In the early years after the September 11, 2001 terror attacks, analysts warned that the war on terror would be like a hydra, that mythological beast that grew two new heads for every one that was cut down.
This analogy looked at two key factors: First, more Islamist extremists could and would be radicalized with every successful attack, making the war on Islamist terrorism unsuccessful unless it was supported by a similar ideological war.
Yet, the ideological war never came. In fact, nearly two decades after 9/11, the United States is still struggling with making Preventing Violent Extremism (PVE) and Countering Violent Extremism (CVE) programming effective.
Second, analysts predicted that there would be no putting the genie back in the bottle once the world had seen the devastation a band of cave-dwelling extremists could pull off.
9/11 and Osama bin Laden became a calling card, activating extremists and inspiring the next generation of anti-American radicals.
Moreover, what started off as a war on terror against Al-Qaeda in Afghanistan has clearly failed. Nineteen years later, the Taliban still wields enormous power and destruction and the U.S. has acquiesced to meet them at the diplomatic table (while exploring exit options from what has been called the “Graveyard of Empires”).
It is true that ISIS has been significantly diminished (at least in Syria and Iraq), yet we’re far from where we thought we would be in defeating militant Islamism.
We are still heavily involved in fighting outright Islamist terrorists. At the same time, “softer” Islamists have shape-shifted and secured traction through intersectional alliances with other Marxist ideologies and victim groups.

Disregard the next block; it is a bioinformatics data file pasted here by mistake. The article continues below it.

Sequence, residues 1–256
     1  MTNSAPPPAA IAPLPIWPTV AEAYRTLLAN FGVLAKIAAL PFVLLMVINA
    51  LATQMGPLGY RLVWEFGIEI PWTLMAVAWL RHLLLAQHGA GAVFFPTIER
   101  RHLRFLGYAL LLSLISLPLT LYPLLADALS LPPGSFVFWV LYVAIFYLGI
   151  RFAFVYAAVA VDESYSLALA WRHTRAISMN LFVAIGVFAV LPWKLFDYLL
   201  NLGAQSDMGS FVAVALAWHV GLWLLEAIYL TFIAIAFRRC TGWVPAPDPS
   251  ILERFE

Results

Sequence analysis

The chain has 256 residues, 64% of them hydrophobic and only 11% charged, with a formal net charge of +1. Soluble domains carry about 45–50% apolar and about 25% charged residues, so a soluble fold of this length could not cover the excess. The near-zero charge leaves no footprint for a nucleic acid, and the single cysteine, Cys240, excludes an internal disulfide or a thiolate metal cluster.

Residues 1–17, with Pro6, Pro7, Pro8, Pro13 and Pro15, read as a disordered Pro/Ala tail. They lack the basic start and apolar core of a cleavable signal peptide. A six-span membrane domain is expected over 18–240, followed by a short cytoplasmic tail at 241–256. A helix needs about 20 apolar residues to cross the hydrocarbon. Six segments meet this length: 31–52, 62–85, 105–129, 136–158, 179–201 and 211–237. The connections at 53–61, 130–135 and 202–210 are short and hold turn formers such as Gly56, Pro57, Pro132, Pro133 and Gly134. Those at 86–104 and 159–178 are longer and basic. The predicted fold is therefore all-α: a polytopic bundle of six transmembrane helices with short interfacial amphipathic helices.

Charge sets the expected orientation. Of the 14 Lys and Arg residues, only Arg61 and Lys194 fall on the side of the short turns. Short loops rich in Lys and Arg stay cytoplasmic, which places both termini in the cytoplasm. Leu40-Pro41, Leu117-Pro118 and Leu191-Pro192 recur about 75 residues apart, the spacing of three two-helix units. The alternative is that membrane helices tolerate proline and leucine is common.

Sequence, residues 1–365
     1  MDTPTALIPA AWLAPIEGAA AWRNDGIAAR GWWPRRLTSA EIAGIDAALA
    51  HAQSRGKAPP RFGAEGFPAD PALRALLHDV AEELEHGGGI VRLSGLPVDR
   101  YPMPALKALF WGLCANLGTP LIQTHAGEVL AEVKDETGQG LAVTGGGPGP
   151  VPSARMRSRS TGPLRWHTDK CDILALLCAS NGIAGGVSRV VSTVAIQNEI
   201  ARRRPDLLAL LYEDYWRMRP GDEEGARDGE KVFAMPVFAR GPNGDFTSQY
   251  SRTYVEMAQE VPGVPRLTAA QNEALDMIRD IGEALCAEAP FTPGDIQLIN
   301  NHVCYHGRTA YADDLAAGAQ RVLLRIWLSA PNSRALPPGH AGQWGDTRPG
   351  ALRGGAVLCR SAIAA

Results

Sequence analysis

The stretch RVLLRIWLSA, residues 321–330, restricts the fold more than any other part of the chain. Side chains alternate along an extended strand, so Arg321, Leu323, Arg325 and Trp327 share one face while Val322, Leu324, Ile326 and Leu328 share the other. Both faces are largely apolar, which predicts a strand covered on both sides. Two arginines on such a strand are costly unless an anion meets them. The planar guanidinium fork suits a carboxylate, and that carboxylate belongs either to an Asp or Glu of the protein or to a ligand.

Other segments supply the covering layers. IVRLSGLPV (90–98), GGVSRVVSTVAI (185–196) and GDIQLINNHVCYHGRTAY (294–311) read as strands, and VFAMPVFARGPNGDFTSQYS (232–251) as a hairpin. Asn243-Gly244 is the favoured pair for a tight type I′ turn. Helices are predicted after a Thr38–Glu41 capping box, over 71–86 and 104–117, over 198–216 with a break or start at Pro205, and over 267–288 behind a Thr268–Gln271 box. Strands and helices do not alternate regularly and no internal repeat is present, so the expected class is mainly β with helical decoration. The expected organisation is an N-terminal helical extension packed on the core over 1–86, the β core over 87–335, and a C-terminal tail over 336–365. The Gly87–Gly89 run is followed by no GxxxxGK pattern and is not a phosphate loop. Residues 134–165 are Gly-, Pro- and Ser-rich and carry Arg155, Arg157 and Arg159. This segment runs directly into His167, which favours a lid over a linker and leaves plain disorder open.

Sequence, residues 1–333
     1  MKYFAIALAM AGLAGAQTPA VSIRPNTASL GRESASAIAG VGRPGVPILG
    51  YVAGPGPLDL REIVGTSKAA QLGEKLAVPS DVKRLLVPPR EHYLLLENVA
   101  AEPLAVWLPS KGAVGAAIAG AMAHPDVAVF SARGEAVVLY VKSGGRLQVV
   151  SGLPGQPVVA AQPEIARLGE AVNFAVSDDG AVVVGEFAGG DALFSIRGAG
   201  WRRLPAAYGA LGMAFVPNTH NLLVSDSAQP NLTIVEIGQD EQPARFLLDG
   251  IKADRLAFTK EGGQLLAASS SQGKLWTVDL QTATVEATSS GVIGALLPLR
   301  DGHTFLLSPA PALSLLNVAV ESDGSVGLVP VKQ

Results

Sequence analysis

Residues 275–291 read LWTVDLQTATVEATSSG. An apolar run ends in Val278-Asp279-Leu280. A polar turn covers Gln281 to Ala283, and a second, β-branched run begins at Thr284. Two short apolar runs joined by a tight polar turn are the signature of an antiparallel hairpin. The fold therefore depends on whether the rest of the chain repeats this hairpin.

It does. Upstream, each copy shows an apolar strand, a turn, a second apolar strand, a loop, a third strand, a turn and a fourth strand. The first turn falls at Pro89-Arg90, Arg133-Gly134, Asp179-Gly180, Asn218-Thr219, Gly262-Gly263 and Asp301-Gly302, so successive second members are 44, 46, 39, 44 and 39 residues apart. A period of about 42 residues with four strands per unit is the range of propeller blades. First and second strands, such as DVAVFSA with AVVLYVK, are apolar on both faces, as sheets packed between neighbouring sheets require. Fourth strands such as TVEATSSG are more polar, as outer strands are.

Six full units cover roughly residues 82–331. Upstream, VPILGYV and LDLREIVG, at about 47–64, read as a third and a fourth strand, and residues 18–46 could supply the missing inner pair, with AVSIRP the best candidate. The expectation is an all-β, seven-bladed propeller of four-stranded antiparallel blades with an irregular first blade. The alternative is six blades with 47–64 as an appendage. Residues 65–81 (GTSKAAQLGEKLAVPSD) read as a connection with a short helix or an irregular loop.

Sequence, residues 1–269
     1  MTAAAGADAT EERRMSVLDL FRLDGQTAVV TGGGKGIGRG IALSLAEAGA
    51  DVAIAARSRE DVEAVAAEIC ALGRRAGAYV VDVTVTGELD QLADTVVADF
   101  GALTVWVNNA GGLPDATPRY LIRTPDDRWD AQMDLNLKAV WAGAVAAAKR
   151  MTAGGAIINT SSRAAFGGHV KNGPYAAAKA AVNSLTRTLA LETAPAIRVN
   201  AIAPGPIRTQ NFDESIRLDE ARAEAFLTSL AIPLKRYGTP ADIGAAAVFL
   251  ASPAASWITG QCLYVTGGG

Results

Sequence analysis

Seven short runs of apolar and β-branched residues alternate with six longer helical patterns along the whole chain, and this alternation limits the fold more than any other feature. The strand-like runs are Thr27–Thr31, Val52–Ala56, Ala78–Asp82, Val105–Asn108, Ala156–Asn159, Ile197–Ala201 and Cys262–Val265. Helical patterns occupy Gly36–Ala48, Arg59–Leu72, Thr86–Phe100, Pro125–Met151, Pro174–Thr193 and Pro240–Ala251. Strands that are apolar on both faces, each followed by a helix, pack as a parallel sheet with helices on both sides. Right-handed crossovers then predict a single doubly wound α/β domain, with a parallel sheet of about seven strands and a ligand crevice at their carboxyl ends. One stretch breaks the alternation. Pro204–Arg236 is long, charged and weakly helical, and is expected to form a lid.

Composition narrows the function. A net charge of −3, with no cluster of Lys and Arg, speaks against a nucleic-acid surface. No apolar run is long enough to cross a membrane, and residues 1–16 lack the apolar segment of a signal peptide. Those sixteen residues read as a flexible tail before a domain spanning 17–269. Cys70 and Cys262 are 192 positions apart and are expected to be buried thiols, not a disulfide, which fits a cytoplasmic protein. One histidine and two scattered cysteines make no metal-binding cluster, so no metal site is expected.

In short, the hydra is proving to be skilled at camouflage and deception, and particularly clever at using Western values against itself.
Moreover, 19 years after 9/11, America is also facing fights against multiple hyrdas: Antifa anarchists and white supremacists, to name just two.
This month, the Department of Homeland Security (DHS) is poised to announce “white supremacists as the ‘most persistent and lethal threat'” to the United States.
Reviewed by Politico, all three draft documents set to be launched by DHS could still change, but the message is clear:
- The threat posed by white supremacists is more significant than the immediate danger from foreign terrorists.
White supremacist violence has historically represented the most sustained form of terrorism in the United States. The document drafts spotlight white supremacist as mainly emanating from lone actors and small cells, some of which might be networking with outside influences.
This tactic is very similar to Islamist influencers who deploy “lone wolves” or small terror cells that can function in isolation or splinter off from a group.
The DHS draft also points to Russia, citing Russia will “probably will be the primary covert foreign influence actor and purveyor of disinformation and misinformation in the Homeland.”
The document drafts do not mention Antifa, as the violence currently being perpetrated by Antifa is still largely being categorized as criminal behavior.
That is because designating Antifa as a terror group is more complex than with violent white supremacist groups.
Clarion Project recently hosted a webinar (see below) on this complex topic featuring expert Andrew C. McCarthy.
McCarthy is a senior fellow at National Review Institute, and former assistant United States attorney for the Southern District of New York, where he led the successful 1995 terrorism prosecution against Sheikh Omar Abdel-Rahman and 11 others for their involvement in the first World Trade Center bombing and other terror plots.
Watch the full webinar below: